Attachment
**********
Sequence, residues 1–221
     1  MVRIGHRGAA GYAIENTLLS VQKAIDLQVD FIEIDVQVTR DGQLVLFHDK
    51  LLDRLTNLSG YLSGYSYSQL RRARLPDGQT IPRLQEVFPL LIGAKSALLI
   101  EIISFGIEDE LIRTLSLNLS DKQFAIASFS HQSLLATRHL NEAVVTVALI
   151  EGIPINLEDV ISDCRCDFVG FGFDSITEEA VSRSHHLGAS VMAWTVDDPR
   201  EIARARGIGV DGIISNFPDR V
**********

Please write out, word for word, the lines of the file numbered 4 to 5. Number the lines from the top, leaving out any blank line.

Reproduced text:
   101  EIISFGIEDE LIRTLSLNLS DKQFAIASFS HQSLLATRHL NEAVVTVALI
   151  EGIPINLEDV ISDCRCDFVG FGFDSITEEA VSRSHHLGAS VMAWTVDDPR